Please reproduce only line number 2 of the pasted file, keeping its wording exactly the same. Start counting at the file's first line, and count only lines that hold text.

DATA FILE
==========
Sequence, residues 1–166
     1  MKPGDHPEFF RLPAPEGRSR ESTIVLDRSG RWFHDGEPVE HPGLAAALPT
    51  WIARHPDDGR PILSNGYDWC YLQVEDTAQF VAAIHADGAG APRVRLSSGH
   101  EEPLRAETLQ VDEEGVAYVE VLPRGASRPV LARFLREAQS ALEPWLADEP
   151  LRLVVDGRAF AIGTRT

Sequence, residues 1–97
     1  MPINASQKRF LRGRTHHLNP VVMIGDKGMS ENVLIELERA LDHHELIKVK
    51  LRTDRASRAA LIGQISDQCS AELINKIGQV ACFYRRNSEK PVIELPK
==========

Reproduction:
     1  MKPGDHPEFF RLPAPEGRSR ESTIVLDRSG RWFHDGEPVE HPGLAAALPT